Details for Jones County Courthouse (Atlas Number 5253012415)

Historical Marker — Atlas Number 5253012415


Marker Number 12415
Atlas Number 5253012415
Marker Title Jones County Courthouse
Index Entry Jones County Courthouse
City Anson
County Jones
UTM Zone
UTM Easting
UTM Northing
Subject Codes Arts and Crafts; courthouses; Beaux Arts
Marker Year 2000
Designations Recorded Texas Historic Landmark
Marker Location 11th St. and Commercial (US 277/83), Anson
Marker Size 27" x 42"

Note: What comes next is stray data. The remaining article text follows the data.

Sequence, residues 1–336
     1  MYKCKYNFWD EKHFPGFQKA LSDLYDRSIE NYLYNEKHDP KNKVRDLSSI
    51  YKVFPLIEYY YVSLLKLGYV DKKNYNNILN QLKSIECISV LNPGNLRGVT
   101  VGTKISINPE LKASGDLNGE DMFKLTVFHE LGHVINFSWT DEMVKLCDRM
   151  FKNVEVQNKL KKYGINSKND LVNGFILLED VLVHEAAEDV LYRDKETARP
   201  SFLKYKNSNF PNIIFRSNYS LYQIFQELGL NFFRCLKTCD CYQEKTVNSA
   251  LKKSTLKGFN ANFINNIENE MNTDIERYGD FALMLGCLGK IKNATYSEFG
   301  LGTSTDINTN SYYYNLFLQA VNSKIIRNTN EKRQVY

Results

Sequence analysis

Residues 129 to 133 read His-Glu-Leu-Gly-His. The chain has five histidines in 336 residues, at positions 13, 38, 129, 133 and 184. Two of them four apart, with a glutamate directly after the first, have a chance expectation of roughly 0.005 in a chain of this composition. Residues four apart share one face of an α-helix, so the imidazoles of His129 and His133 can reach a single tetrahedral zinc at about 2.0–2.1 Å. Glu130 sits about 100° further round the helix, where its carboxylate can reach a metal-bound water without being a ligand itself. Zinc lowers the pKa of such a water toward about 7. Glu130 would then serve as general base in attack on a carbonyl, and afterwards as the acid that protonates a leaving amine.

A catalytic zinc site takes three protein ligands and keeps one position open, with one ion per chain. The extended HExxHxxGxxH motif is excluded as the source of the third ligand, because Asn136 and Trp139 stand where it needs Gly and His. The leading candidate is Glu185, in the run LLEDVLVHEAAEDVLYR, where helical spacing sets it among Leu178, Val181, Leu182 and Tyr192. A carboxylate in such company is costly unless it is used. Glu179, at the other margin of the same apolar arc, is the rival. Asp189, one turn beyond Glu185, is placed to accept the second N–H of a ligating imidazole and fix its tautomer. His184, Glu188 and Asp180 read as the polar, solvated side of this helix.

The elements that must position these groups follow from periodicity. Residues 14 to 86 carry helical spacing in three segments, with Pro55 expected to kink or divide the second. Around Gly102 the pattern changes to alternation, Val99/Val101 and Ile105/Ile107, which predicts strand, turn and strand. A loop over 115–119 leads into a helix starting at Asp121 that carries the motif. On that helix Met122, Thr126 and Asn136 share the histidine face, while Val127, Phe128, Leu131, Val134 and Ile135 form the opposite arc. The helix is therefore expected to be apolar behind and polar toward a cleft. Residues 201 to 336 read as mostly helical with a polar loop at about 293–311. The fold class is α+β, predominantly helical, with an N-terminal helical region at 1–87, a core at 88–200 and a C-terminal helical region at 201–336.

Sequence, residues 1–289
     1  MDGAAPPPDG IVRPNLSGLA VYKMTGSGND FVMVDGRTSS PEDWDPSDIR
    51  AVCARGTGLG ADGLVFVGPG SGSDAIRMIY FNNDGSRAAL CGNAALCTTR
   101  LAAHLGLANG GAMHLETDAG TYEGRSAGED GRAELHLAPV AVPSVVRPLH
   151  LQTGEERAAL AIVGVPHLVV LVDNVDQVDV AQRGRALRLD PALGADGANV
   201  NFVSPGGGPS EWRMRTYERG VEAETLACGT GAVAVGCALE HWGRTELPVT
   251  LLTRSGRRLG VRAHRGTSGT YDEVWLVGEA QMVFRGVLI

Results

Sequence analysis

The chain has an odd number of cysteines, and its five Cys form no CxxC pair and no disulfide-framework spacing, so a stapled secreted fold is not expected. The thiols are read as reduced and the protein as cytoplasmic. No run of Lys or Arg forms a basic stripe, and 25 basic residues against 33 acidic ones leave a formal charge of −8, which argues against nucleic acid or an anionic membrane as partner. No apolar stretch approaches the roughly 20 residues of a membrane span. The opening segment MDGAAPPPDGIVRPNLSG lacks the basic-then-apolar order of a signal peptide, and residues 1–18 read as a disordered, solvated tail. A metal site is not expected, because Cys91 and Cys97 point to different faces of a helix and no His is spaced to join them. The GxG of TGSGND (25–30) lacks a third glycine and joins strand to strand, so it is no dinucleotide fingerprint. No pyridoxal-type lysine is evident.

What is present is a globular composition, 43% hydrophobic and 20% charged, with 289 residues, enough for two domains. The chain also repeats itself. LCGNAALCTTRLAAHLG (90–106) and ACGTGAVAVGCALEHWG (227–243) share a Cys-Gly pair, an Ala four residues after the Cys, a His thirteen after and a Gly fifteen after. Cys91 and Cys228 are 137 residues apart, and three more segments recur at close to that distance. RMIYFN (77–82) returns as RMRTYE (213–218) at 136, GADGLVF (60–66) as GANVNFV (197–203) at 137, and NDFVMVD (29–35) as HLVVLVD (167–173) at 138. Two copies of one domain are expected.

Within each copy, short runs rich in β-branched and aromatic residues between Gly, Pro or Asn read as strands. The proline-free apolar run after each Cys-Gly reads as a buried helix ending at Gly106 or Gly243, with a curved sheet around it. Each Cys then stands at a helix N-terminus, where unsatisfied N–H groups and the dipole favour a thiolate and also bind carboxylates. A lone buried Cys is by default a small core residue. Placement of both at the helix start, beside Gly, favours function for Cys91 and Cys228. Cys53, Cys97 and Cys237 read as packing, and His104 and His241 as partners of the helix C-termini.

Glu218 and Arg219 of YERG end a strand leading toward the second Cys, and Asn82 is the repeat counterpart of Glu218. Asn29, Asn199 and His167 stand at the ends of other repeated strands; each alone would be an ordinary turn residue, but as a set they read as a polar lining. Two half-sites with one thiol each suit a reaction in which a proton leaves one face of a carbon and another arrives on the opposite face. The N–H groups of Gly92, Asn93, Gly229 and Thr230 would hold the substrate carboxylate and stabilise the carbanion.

Marker Text The Seventh Texas Legislature created Jones County in 1858 and named it for Anson Jones, the last president of the Republic of Texas. The Civil War, Reconstruction, and the area's untamed wilderness combined to postpone the county's formal organization until 1881. Voters selected Jones City, later renamed Anson, as permanent county seat. The first permanent courthouse was a small frame building, which served until the county purchased a hotel in 1884 for use as a courthouse. An 1886 brick courthouse served the county for the next 24 years. In late 1909, the Jones County commissioners court, led by County Judge J. R. Stinson, determined that the growth of the county called for a larger courthouse. They selected Elmer G. Withers of Stamford (15 mi. N) and the Texas Building Company of Fort Worth as architect and contractor, respectively. Completed in 1910, the Jones County courthouse is an excellent example of Beaux Arts styling, with influences from the Arts and Crafts movement found in the decorative painting uncovered during a 1990s rehabilitation on the ceiling of the district courtroom. Other notable features include the statue of Lady Justice atop the domed clock tower and the pedimented porticoes with flanking pairs of Ionic columns on each façade. Constructed of brick and Pecos red sandstone, the Jones County courthouse continues to stand as an important part of Anson's architectural heritage and a center of politics and government for the citizens of the county. Recorded Texas Historic Landmark - 2000